On the weekend I saw an incredible Complicite production of ‘Shun-Kin’, a Japanese play at The Esplanade Theatre and co-produced by The Singapore Rep Theatre.
It was an experience- 2hours long with no interval (!) but it was worth it.
A story of a high born lady who is blinded maliciously as a child, she becomes a famous shamisen master (a musical instrument) and forges a life long love affair with her servant Sasuke which is both touching and twisted.
There was no set whatsoever but lighting, video projection and sound were used to create modern day and 19th century Japan. It was a story within a story within a story following 3 characters: Shun-kin and Sasuke in 1829, the writer digging up her story in 1933 and the radio actress reading the narrative who is entangled in a secret affair.
Featuring a renowned cast (film actress Eri Fukatsu, celebrated actor Yoshi Oida and master shamisen player Hidetaro Honjoh) I was blown away by the acting. I’ve always been in awe of Japanese theatre, but the use of puppetry in this show was fantastic. Young Shun-kin is actually played by a life sized puppet and then as an adult seamlessly played by Eri Fukatsu who still retains the movements of a puppet until a thrilling scene when in a fit of rage, one of the actresses ‘manipulating’ her drops Shun-kin and becomes her…within seconds the other actors have dressed this new Shun-kin and the play continues.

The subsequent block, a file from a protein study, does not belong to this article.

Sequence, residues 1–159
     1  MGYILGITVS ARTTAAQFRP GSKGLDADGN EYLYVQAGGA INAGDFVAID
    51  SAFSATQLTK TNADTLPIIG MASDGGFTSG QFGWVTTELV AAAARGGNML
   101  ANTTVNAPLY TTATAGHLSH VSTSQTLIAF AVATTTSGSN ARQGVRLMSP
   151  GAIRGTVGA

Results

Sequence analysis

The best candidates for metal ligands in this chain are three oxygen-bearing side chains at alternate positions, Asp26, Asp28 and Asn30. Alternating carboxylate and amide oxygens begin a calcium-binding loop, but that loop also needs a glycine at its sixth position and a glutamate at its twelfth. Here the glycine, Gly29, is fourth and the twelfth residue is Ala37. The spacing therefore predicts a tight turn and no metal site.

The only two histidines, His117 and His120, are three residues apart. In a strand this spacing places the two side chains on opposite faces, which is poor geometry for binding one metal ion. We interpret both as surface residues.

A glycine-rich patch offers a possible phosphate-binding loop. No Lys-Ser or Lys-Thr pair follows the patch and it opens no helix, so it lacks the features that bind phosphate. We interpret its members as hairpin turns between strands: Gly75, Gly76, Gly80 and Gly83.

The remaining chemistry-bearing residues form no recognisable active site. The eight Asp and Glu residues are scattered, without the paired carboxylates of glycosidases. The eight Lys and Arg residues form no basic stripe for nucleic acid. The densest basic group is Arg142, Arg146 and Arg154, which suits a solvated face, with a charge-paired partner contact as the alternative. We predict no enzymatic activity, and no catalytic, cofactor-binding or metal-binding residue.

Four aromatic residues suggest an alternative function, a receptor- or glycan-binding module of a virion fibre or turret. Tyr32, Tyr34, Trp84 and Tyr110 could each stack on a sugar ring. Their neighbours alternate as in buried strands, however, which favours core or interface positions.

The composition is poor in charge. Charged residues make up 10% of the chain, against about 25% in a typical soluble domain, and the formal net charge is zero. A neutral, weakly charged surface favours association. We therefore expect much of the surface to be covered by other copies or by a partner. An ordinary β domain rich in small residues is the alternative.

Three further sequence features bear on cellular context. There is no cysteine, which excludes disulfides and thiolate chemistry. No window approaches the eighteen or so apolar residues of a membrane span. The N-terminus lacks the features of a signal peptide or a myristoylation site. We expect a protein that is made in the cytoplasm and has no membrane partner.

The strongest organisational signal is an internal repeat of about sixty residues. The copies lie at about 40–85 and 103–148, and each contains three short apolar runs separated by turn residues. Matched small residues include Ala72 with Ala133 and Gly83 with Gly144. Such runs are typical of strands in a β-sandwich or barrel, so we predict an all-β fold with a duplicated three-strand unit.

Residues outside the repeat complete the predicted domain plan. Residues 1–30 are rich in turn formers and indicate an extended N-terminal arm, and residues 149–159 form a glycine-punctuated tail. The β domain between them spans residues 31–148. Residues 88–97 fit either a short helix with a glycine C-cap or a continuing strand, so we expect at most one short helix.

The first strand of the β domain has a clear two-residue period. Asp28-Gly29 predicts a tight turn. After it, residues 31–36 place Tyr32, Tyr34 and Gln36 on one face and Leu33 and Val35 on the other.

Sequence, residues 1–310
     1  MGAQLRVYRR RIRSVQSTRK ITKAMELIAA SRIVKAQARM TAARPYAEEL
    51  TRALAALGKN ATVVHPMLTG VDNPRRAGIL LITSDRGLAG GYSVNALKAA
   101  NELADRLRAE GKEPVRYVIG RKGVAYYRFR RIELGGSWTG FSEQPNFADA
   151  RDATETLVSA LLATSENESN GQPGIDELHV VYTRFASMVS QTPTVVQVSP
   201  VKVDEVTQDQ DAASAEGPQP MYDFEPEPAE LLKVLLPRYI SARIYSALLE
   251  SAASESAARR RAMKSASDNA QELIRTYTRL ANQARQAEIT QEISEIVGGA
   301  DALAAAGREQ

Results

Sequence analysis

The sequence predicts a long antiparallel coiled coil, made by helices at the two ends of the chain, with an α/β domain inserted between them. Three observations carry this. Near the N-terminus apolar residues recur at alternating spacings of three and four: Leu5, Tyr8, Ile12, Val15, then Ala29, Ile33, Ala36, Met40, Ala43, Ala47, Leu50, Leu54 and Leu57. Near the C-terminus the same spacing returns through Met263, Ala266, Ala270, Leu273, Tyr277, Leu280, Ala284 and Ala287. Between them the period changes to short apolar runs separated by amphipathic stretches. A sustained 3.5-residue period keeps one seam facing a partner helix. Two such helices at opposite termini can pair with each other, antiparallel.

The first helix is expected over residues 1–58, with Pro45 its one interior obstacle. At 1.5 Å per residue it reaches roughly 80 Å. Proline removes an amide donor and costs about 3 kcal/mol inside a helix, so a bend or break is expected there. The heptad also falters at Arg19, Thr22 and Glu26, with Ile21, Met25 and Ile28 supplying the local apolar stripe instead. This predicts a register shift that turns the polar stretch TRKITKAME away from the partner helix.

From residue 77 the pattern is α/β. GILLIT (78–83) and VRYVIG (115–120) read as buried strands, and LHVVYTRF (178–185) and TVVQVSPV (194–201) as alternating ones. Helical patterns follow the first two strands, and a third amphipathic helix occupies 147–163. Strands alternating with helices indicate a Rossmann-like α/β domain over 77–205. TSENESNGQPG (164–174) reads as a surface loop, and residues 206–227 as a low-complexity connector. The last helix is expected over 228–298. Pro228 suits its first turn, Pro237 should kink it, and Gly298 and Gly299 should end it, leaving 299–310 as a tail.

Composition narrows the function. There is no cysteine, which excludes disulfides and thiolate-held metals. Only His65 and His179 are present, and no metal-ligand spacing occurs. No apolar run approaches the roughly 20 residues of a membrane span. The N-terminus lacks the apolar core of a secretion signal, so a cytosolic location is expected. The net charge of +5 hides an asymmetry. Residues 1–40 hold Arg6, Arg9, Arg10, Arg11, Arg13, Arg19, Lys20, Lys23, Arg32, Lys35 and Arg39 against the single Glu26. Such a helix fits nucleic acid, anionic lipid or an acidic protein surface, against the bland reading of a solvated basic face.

There was a lot of violence and the play climaxes with Shun-kin’s lover and lifelong servant blinding himself with a needle so he can never see her recently disfigured face.
They live happily ever after.
Its a dark story of self-sacrifice, selfishness and lust, told without sentimentality and its all the more powerful for it. Shun-kin and Sasuke have three children who they send away so that nothing gets in the way of their love but this is mentioned in passing in the same way cold way with which they abandoned them.
It’s a production that will always stay with me: the haunting candlelight, the sad paper larks who are Shun-kin’s only real friends, and the few moments of bittersweet comedy all created by a truly talented cast of only 12 actors.
Its part of the ‘Three Titans of Theatre’ trilogy hosted by Singapore Rep Theatre and I URGE you to book their next two shows – Yukio Ninagawa’s ‘Musashi’ about two legendary warriors, and Peter Brook’s ‘The Suit’ featuring a South African cast.
See below for links to SRT and to Sistic to book.
Exciting times for Singapore Theatre!